These days I live in a perpetual state of simmering outrage given the popular support of the “goings on” and happenings within our current administration. The lies, the deceit, the xenophobia, the racism, the misogyny, the homophobia, the anti-intellectualism—things that have been around a good long time, but now seem to have settled in comfortably with those who have the power to keep it all in place. I’m discouraged.
But then, there’s this:
The Hate U Give, a YA (Young Adult) novel authored by Angie Thomas, spent 50 weeks at the top of the New York Times bestseller list after its publication in February 2017. The book has received numerous awards and also has enjoyed an immense popularity. It has also generated considerable controversy.
The following is the author’s profile from Amazon’s website: “Angie Thomas was born, raised, and still resides in Jackson, Mississippi as indicated by her accent. She is a former teen rapper whose greatest accomplishment was an article about her in Right-On Magazine with a picture included. She holds a BFA in Creative Writing from Belhaven University and an unofficial degree in Hip Hop. She is an inaugural winner of the Walter Dean Myers Grant 2015, awarded by We Need Diverse Books.”
The Hate U Give was adapted to film, directed by George Tillman, Jr., and recently (October 2018) released. Here is the film’s trailer and the website’s blurb:
“Starr Carter is constantly switching between two worlds — the poor, mostly black neighborhood where she lives and the wealthy, mostly white prep school that she attends. The uneasy balance between these worlds is soon shattered when she witnesses the fatal shooting of her childhood best friend at the hands of a police officer. Facing pressure from all sides of the community, Starr must find her voice and decide to stand up for what’s right.”
Last weekend I went to the theater to watch this film. I don’t believe that, even ten years ago, the movie would have made it to the big screen. However, the long list of unarmed, black men that have been killed in recent years by police created a yawning void within our society where the movie fits well.
The following includes only a partial list of those unarmed men killed by police: Botham Shem Jean, Terrence Crutcher, Antwon Rose, Jr., Philando Castile, Walter Scott, Robert Lawrence White, Eric Harris, Tony Robinson, Rumain Brisbon, Tamir Rice, and Michael Brown.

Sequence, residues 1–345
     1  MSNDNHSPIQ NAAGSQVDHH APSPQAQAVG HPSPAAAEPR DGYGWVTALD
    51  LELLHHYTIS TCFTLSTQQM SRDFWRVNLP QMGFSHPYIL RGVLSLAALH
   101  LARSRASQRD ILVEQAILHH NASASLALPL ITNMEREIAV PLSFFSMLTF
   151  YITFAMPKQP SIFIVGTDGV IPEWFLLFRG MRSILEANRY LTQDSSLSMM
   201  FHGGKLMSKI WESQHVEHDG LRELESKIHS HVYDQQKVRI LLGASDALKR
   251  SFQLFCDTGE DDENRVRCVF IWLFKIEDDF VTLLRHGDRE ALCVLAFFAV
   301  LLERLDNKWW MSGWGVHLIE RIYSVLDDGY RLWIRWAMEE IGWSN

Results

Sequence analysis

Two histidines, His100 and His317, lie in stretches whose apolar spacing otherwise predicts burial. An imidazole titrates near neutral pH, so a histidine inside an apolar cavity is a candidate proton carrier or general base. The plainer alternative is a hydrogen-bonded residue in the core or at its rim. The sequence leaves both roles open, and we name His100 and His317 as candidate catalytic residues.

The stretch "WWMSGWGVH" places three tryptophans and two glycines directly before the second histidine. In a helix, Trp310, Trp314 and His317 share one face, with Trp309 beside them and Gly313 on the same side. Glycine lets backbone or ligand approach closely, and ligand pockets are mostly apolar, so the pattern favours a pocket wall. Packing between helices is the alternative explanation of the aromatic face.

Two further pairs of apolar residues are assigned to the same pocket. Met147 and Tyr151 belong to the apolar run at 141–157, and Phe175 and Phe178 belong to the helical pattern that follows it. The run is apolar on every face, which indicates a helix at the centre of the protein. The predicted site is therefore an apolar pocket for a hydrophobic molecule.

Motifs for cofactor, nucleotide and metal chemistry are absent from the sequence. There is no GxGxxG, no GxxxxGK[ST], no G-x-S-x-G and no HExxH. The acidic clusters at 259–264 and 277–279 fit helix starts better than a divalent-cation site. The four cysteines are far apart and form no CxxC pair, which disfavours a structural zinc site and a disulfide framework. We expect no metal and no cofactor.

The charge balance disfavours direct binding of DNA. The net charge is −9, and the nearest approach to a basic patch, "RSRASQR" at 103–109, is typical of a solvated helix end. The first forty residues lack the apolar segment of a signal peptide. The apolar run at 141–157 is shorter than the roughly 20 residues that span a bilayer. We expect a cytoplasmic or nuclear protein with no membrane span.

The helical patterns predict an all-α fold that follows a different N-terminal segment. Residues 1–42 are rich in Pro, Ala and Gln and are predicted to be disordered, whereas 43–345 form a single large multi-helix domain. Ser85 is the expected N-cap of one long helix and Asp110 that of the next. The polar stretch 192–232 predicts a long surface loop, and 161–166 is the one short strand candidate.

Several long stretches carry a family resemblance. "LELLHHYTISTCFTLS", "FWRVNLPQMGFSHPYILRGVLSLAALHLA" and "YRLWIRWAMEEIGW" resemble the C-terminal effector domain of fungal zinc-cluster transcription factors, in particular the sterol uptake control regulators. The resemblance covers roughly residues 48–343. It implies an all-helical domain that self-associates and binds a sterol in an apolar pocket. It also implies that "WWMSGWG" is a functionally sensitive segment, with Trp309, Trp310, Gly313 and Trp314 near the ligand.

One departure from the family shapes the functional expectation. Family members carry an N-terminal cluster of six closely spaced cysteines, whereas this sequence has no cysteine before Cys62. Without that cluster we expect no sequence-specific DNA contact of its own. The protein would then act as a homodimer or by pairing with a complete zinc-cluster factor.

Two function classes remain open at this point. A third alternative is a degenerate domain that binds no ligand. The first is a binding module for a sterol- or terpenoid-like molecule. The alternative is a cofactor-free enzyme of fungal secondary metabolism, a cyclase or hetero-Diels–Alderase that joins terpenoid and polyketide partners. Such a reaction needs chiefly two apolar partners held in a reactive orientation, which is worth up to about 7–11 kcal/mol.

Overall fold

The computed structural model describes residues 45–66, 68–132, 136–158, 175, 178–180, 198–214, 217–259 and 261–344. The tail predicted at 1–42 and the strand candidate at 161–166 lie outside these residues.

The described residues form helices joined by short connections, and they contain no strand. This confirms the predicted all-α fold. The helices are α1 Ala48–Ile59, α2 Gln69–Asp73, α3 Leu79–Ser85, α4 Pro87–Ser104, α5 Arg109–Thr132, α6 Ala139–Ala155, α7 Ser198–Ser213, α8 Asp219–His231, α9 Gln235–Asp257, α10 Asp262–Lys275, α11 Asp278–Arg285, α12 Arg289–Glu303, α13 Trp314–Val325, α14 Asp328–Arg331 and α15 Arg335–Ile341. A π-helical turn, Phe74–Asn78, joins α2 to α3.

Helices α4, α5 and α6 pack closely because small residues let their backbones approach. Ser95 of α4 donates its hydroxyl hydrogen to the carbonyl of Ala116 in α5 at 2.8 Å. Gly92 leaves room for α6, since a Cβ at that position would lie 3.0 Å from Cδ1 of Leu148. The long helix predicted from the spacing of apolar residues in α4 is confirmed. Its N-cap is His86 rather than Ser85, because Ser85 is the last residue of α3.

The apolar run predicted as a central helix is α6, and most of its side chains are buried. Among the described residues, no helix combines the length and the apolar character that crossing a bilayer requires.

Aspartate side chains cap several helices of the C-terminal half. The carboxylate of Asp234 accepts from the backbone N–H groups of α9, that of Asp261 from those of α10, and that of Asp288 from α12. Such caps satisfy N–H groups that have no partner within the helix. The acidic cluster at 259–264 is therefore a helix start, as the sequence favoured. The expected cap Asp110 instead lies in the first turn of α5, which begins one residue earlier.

The Hate U Give is perhaps a little too “pat,” however, it does show some nuance and attempts very hard not to be didactic. For example, after witnessing Khalil’s murder by a white cop, Starr has a conversation with her Uncle Carlos, a Black policeman, regarding his protocol were he to “pull over” a white man in a suit. Uncle Carlos, among other things, talks about split-second decisions officers must make as they assess a potentially dangerous situation. Even so, Uncle Carlos’ speech reflects more latitude given to the theoretical white man in a suit and Starr calls him on it. “Did you hear what you just said?”
The movie played with and expanded its title like this:
When you read the first letter of each word moving downwards, you get THUG LIFE. THUG LIFE is an important theme in Angie Thomas’ work. Some of her inspiration came from Tupac.
From the YouTube website: “Pac said Thug Life stood for “The Hate U Give Little Infants Fucks Everybody. T-H-U-G-L-I-F-E. Meaning what society gives us as youth, it bites them in the ass when we wild out. Get it?”
“What you might not know is that The Hate U Give was not only inspired by the Black Lives Matter movement, but also largely by Tupac, his THUG LIFE tattoo, and his activism. Author Angie Thomas often refers to Tupac not only in her writing, but in her conversation surrounding The Hate U Give.”
Angie Thomas said, “When we were trying to figure out a title for the book, I came across a YouTube clip of him discussing THUG LIFE. […] When I saw him explain what it means, it hit me that that’s not just in my book, but that’s what we see in society. When these unarmed black people lose their lives, the hate they’ve been given screws us all. We see it in the form of anger and we see it in the form of riots. So when I saw that in the video, it was like a sign.”
I’m convinced that America does not get (or refuses to get) the deep roots and continual blooming of institutional racism, a phenomenon that can (and does) lead to frustration, anger, and sometimes, violence. The film succeeds in demonstrating this.
If there’s a glimmer of hope in these dark days, perhaps it stems from the fact that a movie such as this is now being widely shown. Even though the recent mid-term elections brought—some would say hope—to the political landscape, I’m convinced that it is through works of art such as Angie Thomas’ book (later made into a movie) that transformation of the human spirit is most likely to occur.
Literature has the capacity to change or modify our worldview and subsequently our behavior. Why else throughout human history have powerful people within a society systematically banned and burned books? At least there has not been that kind of bonfire on the White House lawn—not yet anyway!
The Hate U Give moved me to tears. One woman in the audience wailed.
Esther Nelson is an adjunct professor at Virginia Commonwealth University, Richmond, Va. She has taught courses on Human Spirituality, Global Ethics, Christian-Muslim Relations, and Religions of the World, but focuses on her favorite course, Women in Islam. She is the co-author (with Nasr Abu Zaid) of Voice of an Exile: Reflections on Islam and the co-author (with Kristen Swenson) of What is Religious Studies? : A Journey of Inquiry.
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